Young Forever is in many ways a culmination of my life’s work. I’ve been studying and applying Functional Medicine to tens of thousands of patients for over 30 years. I’ve dived into their biology for clues to the root causes of disease. I’ve deeply explored their genetics, microbiomes, immune function, hormones, mitochondria, detoxification systems, and structural systems — the network of interconnected systems that explain nearly all diseases. This has given me a deep understanding of the web-like ecosystem of our biology that’s the foundation of the Young Forever program.
The core concept is simple: You can stop and reverse biological aging by activating your built-in longevity pathways using very specific strategies for eating well, exercising regularly, managing stress, and making adjustments to your environment, the right supplements, and some emerging therapies.
For people who aren’t yet ready to fully commit to the program, are there one or two lifestyle changes you suggest they make now to increase their lifespan?
Past research documented three research-backed keys to living longer: Don’t smoke, maintain a weight deemed healthy for you by clinicians you trust, and exercise. If you can do just these three things, the scientific data says you can live a long, healthy, and vigorous life. But newer data show that the two most important things you can do to live a long healthy life are:
1. Optimize your diet for longevity: Eliminate ultra-processed foods; dramatically cut sugar and starch, which drive almost all the hallmarks of aging; eat lots of colorful fruits and vegetables; and get about 100 grams of protein a day (more if you’re bigger or exercising more)
2. Maintain and build muscle with resistance or strength training at least three times a week.
The next most important thing is to build close relationships and community.
You write that your goal is to live between 120 to 180 years. Can you tell us about your personal diet, exercise, and some of the experimental longevity therapies you’re using to help get you there?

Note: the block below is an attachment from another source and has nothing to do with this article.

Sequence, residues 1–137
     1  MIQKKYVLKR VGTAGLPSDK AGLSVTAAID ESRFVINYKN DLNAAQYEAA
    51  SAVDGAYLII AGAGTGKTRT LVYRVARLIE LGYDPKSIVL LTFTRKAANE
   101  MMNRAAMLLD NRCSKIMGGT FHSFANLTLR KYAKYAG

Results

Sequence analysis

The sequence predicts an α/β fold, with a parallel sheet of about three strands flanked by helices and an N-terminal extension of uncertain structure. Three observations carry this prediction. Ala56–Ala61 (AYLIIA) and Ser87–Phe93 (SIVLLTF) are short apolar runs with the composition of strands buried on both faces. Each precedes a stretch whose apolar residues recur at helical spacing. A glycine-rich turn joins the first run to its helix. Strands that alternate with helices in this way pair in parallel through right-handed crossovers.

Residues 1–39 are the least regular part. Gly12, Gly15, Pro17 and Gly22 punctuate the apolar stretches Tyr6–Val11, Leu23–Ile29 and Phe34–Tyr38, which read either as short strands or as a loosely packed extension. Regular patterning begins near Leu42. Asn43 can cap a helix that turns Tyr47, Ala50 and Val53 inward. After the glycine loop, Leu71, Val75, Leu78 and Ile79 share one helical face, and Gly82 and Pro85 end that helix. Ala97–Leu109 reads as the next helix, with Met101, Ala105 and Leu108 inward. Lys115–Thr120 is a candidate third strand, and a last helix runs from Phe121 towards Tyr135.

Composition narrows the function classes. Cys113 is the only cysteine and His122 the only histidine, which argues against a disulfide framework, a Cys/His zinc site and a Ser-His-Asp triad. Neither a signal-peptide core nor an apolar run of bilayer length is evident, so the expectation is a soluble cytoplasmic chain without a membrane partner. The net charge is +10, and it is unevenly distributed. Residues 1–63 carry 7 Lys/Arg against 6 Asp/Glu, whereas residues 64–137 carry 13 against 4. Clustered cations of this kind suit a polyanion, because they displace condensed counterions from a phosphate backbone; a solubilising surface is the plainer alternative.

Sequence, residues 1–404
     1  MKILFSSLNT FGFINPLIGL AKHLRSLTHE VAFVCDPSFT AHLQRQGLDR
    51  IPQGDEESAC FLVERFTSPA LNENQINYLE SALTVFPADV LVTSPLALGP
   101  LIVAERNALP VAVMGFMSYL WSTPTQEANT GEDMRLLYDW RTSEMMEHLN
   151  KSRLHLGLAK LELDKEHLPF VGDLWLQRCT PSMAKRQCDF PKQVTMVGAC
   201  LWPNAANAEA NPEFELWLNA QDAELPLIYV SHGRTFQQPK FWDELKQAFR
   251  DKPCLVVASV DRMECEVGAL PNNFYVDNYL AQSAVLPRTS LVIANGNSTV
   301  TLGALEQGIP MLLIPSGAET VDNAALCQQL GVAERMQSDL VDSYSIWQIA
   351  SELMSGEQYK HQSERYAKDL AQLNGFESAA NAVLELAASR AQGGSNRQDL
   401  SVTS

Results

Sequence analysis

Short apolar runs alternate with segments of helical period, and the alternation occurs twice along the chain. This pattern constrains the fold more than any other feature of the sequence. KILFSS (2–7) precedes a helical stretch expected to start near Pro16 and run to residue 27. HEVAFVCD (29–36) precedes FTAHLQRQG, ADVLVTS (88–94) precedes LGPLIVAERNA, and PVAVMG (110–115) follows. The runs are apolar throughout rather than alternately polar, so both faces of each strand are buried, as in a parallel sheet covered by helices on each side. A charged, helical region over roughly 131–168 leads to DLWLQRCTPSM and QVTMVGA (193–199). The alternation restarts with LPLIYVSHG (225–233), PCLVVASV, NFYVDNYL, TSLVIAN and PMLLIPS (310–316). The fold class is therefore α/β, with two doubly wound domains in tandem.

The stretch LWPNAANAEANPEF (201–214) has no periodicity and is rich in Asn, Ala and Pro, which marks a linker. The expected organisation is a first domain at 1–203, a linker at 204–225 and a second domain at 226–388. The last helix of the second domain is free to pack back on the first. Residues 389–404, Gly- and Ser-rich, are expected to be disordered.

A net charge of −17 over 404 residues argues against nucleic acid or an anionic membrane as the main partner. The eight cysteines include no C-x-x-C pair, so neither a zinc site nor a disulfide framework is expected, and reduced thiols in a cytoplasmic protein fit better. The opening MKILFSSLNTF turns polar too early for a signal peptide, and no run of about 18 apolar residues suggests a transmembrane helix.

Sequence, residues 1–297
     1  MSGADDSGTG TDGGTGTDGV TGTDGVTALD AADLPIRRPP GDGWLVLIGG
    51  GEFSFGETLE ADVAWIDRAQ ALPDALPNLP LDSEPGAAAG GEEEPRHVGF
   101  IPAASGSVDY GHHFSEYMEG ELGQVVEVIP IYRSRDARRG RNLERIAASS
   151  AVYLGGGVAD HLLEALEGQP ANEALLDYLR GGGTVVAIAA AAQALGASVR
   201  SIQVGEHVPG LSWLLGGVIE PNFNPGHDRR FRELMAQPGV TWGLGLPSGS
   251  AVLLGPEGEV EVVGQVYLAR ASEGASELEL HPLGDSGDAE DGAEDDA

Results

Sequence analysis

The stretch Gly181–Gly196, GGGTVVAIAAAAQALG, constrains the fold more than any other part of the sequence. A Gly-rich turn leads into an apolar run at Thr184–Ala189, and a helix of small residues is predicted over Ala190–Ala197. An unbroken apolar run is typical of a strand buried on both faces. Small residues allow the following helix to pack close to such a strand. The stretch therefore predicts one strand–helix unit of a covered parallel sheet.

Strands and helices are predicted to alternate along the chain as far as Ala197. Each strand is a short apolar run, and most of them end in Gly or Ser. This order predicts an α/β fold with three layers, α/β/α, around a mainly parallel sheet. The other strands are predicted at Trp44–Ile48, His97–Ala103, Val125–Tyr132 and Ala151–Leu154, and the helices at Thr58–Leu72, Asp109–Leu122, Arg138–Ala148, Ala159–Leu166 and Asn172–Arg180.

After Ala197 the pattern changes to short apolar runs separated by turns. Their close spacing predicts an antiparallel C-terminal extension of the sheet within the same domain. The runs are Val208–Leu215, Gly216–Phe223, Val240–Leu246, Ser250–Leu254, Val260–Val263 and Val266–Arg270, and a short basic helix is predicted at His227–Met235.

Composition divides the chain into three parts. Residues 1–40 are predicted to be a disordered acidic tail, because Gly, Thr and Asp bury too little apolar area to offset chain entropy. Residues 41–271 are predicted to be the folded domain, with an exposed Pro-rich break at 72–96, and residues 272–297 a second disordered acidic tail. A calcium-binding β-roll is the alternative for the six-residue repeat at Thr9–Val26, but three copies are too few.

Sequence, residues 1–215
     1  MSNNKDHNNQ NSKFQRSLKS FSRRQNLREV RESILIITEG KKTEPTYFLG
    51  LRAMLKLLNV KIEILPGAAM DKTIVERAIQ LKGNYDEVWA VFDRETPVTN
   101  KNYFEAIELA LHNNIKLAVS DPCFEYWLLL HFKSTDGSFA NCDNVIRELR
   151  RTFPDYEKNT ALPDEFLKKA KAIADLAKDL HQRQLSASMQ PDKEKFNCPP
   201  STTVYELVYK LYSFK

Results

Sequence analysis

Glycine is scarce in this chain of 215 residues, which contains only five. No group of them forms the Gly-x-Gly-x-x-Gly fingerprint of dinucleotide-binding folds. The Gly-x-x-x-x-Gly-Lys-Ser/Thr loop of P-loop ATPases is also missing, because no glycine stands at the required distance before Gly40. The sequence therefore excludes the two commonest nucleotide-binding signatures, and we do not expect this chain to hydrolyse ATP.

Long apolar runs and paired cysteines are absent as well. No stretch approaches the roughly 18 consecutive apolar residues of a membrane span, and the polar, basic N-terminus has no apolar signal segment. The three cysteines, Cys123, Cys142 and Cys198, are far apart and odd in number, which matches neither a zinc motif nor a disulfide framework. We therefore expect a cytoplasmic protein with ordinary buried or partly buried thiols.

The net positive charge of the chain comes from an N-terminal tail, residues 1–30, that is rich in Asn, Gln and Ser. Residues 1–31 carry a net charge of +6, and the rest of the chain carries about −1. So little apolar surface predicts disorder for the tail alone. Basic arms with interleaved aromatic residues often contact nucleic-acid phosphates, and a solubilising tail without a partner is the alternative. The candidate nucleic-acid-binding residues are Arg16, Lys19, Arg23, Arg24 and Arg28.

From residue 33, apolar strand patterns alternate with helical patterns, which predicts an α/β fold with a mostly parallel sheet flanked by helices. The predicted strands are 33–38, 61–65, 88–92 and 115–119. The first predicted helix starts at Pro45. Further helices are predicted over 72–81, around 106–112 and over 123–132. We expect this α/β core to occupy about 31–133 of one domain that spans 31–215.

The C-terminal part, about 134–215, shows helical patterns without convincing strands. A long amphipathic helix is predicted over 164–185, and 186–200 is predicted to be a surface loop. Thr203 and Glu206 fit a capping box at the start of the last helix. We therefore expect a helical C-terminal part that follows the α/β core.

I follow a Pegan Diet, a food-as-medicine approach to eating. I invest in high-quality supplements to get the vitamins and minerals that are missing even in the best diet (due to our industrial farming techniques that strip many of the nutrients from our food before it ever hits our plate). Exercise is the most powerful longevity “drug” on the planet but I don’t go to the gym. Instead, I enjoy activities like biking, tennis, and yoga, and I use resistance bands for strength training. I avoid alcohol and caffeine (except for one cup in the morning) to help ensure I’m getting quality sleep. During Covid, I reached out to my closest male friends to start a men’s group. The science on the power of community and belonging for longevity is overwhelming. We meet every week on Zoom, and it has deeply enriched my life. I also regularly do cold and hot therapies — such as a brief cold shower or a hot bath or sauna session.
Nearly everything I’ve mentioned has a low barrier to entry. Yes, there are more expensive, less accessible experimental longevity therapies that can help if you have the means, but the tools we need to live a long, happy life are right in front of us. We can all adopt them; they just require a little commitment and discipline.
What are some of the longevity therapies and innovations being developed now that you believe have the most potential to help us live longer?
Extraordinary scientific and medical advances are on the short-term horizon. The Nobel Prize was given to a scientist who proved you can reprogram your cells to a younger version. Hip and knee replacements and heart and kidney transplants will become the stuff of history books. And the reversal of age-related biomarkers and pathologies has been proven in the lab in human cells and animal aging models, and many applying these discoveries are reversing their biological age.
With some of these advances, how long do aging researchers think we’ll eventually be able to live on average?
Currently, scientists working at the frontiers of aging can consistently extend life in animals by 30 percent or more, which is equivalent to humans reaching 120 years old.
The question is, how much further can they extend the average life span? In some yeast models, they have been able to extend life to the equivalent of 1,000 human years. Reaching 120 or 150 or even 200 (while still feeling youthful and vibrant) will soon be possible.
Is there reason to believe that through scientific advancements we’ll one day be able to figure out how to stop aging altogether?
It may be possible but it’s still science fiction. Leading aging researchers suggest if you can maintain your health for another 10 or 15 years, you’ll be alive when we might reach longevity escape velocity — when our scientific advances will keep pushing death off indefinitely.